Turkey: Bahcesaray, Before the Deluge

Bahçesaray, Turkey: Amidst the Nomads

There’s only a few years before the deluge, but today it remains

In the tent in Bahcesaray, eastern Turkey. Rob Leutheuser photos.In the tent in Bahcesaray, eastern Turkey. Rob Leutheuser photos.
By Nina Nooit

Van, a stifling, conservative city in eastern Turkey, had sucked all energy out of me in the few days I spent there. When I started hitchhiking in the morning, I was rather listless, but hopeful that going into the mountains would invigorate me.The view over Bahcesaraysm, Turkey.The view over Bahcesaraysm, Turkey.

Not before long a white minivan stopped for me; the driver seemed very friendly.

It was August, the end of a sweltering hot summer, and to both sides of the road the grass was burnt. 50 kilometers out of Van we took a turn-off that led us higher and higher. Suddenly, it became spring: the grass was lush and green up here. As we wound our way up, we even started seeing patches of snow here and there.
I was going to a place called “Bahçesaray”; translated that name means “garden-palace”. If driving in one go, from Van the road take about two hours. However, in the winter it takes more than three times as long to get to Bahçesaray, because with the first heavy snowfall the direct road closes. “Bahçesaray belongs nine Bahcesaray PasssmBahcesaray Passsmmonths a year to the administrative unit of Van city”, the young man who was giving me a lift told me, “and three months a year it belongs to Allah.”

Over the Mountain Pass

I remembered this very same mountain pass quite vividly from ten years ago. Then I had come on a minibus packed with people, juddering over what at the time had been a mere dust track.
Going to Bahçesaray felt like going to a place very far away back then. At the top of the pass a sign announced the altitude -– almost 3000 meters. The sign was still there, but by now, in 2015, the road was smoothly tarred.
The white minivan went only until the pass itself. The driver came to buy cheese off the shepherds living up there in their tents during the summer. We went there together, so I could meet and greet the semi-nomadic family.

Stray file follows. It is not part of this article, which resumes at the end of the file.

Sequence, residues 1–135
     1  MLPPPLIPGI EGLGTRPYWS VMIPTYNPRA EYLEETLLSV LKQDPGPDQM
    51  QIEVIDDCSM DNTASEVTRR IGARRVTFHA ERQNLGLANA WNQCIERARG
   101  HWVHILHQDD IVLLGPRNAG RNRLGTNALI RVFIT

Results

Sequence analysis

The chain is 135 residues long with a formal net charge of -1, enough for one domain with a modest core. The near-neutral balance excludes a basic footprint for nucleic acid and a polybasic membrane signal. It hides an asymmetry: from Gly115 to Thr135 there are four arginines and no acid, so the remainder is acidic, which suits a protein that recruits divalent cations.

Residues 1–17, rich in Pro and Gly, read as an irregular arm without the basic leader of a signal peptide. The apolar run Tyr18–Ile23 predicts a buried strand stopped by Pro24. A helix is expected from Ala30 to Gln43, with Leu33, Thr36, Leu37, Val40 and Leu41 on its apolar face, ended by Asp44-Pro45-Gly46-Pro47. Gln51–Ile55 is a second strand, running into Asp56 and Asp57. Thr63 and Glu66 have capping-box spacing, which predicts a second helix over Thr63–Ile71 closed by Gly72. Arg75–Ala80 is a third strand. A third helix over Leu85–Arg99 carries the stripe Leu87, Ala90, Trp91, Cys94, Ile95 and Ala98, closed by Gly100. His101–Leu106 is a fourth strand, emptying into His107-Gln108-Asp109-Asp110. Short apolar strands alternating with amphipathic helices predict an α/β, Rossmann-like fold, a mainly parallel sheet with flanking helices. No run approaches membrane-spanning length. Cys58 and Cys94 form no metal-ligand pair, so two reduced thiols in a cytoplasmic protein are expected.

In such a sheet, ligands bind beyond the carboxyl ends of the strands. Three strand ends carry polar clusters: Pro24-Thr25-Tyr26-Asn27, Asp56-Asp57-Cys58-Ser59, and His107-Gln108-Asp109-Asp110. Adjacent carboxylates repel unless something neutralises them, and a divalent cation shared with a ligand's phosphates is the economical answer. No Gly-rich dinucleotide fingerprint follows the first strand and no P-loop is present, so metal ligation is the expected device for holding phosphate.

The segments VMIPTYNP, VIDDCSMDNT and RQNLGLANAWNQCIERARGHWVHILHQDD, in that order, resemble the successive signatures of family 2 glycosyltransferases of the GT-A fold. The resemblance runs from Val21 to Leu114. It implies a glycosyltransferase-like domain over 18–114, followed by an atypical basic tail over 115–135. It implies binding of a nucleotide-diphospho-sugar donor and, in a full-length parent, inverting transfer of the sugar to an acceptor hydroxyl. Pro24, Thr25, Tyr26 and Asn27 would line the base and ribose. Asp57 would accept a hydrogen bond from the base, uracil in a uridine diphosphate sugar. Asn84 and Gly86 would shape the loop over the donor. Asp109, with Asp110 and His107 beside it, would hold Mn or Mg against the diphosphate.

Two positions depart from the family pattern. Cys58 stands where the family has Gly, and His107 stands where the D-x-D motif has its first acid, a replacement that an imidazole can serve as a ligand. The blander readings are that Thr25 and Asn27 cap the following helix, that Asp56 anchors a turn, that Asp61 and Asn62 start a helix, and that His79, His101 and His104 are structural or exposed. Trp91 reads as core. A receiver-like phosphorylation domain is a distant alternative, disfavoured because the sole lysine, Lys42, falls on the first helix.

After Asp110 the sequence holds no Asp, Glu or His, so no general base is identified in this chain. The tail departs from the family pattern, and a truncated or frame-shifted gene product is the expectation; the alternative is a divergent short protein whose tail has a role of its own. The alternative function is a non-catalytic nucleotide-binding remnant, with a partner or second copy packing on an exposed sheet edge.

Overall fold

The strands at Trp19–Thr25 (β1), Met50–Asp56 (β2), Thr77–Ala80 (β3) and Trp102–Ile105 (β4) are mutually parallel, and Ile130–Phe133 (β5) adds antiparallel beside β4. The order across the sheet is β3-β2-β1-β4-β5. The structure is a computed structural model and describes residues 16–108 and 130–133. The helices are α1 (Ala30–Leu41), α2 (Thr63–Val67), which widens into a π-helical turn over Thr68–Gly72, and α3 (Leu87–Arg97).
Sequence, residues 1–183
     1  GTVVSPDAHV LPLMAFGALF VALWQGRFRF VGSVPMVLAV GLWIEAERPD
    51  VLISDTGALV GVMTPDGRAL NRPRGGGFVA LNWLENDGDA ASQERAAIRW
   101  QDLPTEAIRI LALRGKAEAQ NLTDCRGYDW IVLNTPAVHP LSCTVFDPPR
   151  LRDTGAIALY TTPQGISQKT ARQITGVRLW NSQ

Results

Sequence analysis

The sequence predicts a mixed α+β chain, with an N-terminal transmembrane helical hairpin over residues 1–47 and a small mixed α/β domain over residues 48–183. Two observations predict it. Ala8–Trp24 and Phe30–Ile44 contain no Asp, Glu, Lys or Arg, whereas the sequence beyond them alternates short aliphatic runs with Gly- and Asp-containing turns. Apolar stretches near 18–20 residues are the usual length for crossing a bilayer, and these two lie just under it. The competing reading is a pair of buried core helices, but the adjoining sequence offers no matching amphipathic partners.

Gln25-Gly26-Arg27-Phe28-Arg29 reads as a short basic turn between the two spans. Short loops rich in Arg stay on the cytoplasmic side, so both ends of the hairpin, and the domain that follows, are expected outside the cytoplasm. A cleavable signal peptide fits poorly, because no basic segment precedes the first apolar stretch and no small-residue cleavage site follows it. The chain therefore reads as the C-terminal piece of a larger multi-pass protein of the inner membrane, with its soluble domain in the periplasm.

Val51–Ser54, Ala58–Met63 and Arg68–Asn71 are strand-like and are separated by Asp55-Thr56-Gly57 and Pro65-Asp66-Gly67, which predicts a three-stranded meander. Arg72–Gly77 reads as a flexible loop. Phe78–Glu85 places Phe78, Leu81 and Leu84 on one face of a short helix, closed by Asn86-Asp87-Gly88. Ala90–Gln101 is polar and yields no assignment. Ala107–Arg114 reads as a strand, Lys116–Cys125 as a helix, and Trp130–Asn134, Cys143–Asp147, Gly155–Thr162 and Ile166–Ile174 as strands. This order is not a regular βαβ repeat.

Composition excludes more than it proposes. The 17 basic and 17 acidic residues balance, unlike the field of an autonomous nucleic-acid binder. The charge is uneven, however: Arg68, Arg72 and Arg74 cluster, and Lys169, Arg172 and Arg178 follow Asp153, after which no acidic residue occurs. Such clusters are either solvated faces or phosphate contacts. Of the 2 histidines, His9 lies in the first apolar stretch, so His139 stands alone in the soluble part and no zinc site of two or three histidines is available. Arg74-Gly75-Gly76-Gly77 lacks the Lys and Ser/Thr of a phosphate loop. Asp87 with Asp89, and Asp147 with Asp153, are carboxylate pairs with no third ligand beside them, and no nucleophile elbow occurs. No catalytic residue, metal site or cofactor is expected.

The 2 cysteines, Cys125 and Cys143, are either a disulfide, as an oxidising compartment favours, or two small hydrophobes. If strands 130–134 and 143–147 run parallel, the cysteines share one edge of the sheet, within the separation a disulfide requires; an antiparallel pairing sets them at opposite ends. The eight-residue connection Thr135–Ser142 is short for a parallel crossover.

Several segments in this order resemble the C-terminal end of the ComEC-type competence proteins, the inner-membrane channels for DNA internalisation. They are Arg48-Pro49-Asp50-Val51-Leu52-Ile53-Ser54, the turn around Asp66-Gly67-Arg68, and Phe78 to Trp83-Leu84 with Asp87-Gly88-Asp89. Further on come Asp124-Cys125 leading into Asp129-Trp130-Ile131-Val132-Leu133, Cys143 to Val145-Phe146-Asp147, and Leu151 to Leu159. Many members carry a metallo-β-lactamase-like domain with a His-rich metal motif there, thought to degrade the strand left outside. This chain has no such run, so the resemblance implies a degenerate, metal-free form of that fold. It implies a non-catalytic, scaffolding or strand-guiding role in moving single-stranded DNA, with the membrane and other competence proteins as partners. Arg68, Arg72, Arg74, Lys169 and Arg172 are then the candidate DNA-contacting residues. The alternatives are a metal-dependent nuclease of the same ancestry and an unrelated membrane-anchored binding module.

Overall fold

After I bid everyone goodbye I went back to the road. I didn’t have to wait for long out in the mountain air. Soon enough the next car came along, and -I was lucky- it stopped for me.
Four Men Inside

Inside there were four men. I discovered as we introduced ourselves that they were a print journalist, his photographer and two friends of theirs. “The valley of Bahçesaray will disappear during the following years. We want to document it while it still exists,” one of them told me. Bahçesaray is one of the many places in eastern Turkey where the Turkish state plans to build a hydro-electric dam which will create a big artificial lake.
“What was Bahçesaray like when you came here ten years ago?” The men seemed intrigued. “Was it an authentic little mountain village?” Yes, I guess you could say that. At the time I had been told of Bahçesaray as some magical little mountain village by someone I met on the road, an American photographer who had discovered it on one of his travels in the region.
Despite going to Eastern Turkey many times he had visited Bahçesaray only once. He said his memory of it was so perfect, he did not want to spoil it. How would it be for me, was it a mistake to visit a second time?woman in the tentwoman in the tent
One of my best memories from ten years ago was having some fish in the local restaurant. I remembered sitting on the balcony, looking down about four, five meters to a crystal-clear stream. To get fresh drinking water a plastic jug was lowered on a string through the window. The water was scooped up and poured into my glass directly. I was thrilled to see now that the same restaurant still existed, although it was closed right then, because of a national holiday.